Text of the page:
I’ve been thumping my head on my Leavetaking novel. I’ve been working on it but it. Does. Not. Want. To. Go. Anywhere. The first chapter looks halfway decent, but that’s because I’ve been working on it since last fall. And now I’m on the second chapter, trying to pull it together. Usually I start marking up the text like crazy and revise the novel that way. So this slow pace frustrates me.
Perhaps this is just how I have to work on it. Each book demands a different approach, and for some reason I just don’t feel like I can move forward until I have these chapters laid out. Gotta get the characters’ motivations right. Gotta know what they want. But this means trashing entire scenes, and that in turn means work, and I don’t like work.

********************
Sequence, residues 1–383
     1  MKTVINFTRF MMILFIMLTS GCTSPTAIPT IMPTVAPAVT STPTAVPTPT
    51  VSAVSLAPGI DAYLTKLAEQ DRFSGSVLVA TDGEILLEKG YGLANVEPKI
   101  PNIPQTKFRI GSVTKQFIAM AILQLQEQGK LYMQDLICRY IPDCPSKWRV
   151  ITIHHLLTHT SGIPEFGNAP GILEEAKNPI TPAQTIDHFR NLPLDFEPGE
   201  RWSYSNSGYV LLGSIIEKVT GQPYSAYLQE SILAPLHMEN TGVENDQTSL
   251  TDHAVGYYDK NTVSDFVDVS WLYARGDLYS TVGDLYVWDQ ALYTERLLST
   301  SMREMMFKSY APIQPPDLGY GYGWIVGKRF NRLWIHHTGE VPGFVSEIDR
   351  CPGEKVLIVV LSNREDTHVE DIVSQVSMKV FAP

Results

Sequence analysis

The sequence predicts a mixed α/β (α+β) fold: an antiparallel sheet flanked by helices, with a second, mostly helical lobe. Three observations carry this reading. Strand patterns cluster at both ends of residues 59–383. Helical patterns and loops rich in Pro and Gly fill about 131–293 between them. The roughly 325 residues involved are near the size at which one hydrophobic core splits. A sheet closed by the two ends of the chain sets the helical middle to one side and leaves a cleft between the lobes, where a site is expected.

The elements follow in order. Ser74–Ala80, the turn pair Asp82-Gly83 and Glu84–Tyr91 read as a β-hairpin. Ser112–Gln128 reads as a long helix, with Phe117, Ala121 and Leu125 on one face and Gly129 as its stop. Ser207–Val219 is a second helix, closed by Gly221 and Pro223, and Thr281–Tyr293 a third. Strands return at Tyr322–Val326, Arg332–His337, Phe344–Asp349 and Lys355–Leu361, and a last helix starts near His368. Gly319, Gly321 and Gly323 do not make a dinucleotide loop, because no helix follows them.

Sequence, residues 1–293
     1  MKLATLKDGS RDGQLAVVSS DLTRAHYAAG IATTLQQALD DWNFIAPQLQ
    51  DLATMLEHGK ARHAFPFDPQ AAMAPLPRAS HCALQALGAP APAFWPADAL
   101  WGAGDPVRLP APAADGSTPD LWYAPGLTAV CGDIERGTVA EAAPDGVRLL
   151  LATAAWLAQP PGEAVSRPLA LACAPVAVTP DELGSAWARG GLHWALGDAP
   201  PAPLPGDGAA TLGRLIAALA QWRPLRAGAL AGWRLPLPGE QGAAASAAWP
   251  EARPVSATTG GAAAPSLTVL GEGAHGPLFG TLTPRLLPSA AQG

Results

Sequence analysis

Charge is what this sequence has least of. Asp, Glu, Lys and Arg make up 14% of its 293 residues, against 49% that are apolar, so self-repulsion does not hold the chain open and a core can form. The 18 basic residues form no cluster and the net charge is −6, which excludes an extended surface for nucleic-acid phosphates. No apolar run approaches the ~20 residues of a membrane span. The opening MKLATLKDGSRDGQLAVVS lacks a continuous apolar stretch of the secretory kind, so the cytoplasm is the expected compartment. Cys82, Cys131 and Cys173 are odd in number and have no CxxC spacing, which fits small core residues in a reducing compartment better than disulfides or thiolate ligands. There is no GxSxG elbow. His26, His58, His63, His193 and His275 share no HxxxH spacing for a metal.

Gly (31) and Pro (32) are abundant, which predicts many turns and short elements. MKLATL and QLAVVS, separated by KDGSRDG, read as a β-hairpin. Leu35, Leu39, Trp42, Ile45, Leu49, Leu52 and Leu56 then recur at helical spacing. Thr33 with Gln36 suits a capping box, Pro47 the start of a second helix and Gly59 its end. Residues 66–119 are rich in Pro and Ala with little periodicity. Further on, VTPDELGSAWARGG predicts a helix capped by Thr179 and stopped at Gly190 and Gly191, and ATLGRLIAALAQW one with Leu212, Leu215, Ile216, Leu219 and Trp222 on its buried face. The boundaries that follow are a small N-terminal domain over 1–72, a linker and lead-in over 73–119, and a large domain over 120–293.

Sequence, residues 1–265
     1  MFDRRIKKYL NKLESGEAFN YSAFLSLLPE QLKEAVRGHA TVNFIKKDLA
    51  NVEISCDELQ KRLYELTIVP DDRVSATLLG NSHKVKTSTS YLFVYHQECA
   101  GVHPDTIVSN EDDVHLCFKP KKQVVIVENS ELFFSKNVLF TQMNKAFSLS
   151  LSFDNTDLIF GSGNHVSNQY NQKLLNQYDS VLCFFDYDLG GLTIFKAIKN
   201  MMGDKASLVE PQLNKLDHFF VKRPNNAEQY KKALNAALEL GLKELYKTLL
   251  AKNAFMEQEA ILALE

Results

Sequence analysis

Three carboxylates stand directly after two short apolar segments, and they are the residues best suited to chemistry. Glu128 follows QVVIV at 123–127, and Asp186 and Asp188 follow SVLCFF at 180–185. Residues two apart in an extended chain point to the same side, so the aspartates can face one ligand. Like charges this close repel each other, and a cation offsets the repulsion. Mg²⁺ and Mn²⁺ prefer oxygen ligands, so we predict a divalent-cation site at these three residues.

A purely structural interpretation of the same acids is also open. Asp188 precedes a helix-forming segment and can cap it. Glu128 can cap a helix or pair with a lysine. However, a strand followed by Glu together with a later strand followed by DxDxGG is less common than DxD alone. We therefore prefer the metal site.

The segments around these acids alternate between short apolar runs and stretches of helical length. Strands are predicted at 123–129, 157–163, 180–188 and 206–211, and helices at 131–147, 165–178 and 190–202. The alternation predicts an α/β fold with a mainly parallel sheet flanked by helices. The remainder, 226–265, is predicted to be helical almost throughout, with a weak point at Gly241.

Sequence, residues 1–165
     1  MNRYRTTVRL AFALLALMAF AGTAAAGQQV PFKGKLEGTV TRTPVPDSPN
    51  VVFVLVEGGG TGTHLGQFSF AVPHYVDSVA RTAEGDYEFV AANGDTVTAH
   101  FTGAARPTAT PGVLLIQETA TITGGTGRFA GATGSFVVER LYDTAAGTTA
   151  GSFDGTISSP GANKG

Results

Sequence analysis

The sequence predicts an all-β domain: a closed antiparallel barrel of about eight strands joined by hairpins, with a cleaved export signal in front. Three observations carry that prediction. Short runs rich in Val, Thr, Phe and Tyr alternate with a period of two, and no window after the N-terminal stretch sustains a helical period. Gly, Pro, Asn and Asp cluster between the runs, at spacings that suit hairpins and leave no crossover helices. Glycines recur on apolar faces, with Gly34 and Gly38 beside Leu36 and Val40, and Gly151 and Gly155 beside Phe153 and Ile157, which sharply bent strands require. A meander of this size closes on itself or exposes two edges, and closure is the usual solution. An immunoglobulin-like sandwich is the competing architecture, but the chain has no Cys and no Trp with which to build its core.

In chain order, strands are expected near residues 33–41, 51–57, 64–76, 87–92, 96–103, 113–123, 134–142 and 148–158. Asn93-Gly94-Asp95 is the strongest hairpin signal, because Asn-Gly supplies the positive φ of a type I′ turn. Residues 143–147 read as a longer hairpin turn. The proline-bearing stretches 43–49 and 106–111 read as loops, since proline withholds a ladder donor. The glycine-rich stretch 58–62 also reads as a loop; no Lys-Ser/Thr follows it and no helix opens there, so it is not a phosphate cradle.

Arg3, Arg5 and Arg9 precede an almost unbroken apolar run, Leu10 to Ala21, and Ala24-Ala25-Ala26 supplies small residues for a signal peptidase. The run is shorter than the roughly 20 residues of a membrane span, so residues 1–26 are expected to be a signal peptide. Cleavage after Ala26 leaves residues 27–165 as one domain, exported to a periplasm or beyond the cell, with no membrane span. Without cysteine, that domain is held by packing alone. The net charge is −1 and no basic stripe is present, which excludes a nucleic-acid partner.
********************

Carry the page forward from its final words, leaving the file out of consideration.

Another thing about this novel that bothers me is its lack of coherence. I’m asking myself, what the heck is the center, the heart, of this damned novel?
But today when I was subbing I saw a copy of Writing the Natural Way (I think that’s the title) in the teacher’s room and flipped through it.
The author talks a lot about how to draw clusters as a brainstorming device and as a way to find out new things about what you’re writing. And he was talking about quiet visualization as a way to find a complex image that would be at the heart of the story. And when you discovered the image, or whatever makes it cohere, then you experience a sort of shift in the mind, and you’re like, okay, yes, there it is.
So. That made me think that maybe I should start clustering and find out what the heck I think is contained in the novel thus far. Use some quiet meditation instead of banging my head against the keyboard the way I usually do. Though headbanging is an important part of the process.
Geez, another mile-long post. Oh well, it’s my blog and I’ll pontificate if I want to.
(That didn’t quite scan …. )